Two mechanisms of shear stress and mass transport have been recognized to play an important role in the development of localized atherosclerosis. However, their relationship and roles in atherogenesis are still obscure. It is necessary to investigate quantitatively the correlation among low-density lipoproteins (LDL) transport, haemodynamic parameters and plaque thickness. We simulated blood flow and LDL transport in rabbit aorta using computational fluid dynamics and evaluated plaque thickness in the aorta of a high-fat-diet rabbit. The numerical results show that regions with high luminal LDL concentration tend to have severely negative haemodynamic environments (HEs). However, for regions with moderately and slightly high luminal LDL concentration, the relationship between LDL concentration and the above haemodynamic indicators is not clear cut. Point-by-point correlation with experimental results indicates that severe atherosclerotic plaque corresponds to high LDL concentration and seriously negative HEs, less severe atherosclerotic plaque is related to either moderately high LDL concentration or moderately negative HEs, and there is almost no atherosclerotic plaque in regions with both low LDL concentration and positive HEs. In conclusion, LDL distribution is closely linked to blood flow transport, and the synergetic effects of luminal surface LDL concentration and wall shear stress-based haemodynamic indicators may determine plaque thickness.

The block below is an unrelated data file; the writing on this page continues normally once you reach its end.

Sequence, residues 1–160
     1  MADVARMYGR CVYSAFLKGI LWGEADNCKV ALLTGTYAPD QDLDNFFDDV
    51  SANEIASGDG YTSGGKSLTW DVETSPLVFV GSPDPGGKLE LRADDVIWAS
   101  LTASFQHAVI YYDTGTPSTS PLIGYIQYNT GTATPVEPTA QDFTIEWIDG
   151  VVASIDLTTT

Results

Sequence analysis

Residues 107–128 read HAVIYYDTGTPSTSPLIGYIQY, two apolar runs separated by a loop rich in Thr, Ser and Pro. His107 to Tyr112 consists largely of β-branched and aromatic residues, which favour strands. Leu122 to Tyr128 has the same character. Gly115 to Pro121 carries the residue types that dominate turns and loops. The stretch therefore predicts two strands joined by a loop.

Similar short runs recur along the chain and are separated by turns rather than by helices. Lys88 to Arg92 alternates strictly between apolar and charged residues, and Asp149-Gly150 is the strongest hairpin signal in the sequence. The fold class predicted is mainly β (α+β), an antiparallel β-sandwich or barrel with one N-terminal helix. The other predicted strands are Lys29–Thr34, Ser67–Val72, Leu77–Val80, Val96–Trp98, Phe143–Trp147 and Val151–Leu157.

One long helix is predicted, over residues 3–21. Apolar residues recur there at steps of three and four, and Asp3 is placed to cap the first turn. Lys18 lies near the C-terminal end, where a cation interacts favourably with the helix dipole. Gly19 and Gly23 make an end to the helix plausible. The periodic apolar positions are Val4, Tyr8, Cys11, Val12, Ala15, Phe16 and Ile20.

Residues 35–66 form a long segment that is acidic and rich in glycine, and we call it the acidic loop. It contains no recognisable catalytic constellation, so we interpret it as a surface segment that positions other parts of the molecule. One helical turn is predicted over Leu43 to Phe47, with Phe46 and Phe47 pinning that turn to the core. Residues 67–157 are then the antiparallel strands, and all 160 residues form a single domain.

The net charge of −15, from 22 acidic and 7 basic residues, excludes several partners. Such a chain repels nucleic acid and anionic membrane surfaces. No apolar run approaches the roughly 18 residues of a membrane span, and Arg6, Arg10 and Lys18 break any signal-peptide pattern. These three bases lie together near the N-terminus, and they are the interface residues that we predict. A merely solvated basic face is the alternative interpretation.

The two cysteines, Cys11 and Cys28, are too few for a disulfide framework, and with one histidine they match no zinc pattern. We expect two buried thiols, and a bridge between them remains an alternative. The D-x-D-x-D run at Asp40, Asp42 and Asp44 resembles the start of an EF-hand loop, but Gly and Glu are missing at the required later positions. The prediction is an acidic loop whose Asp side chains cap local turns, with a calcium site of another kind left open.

- Received February 27, 2017.
- Accepted March 20, 2017.
- © 2017 The Author(s)
Published by the Royal Society. All rights reserved.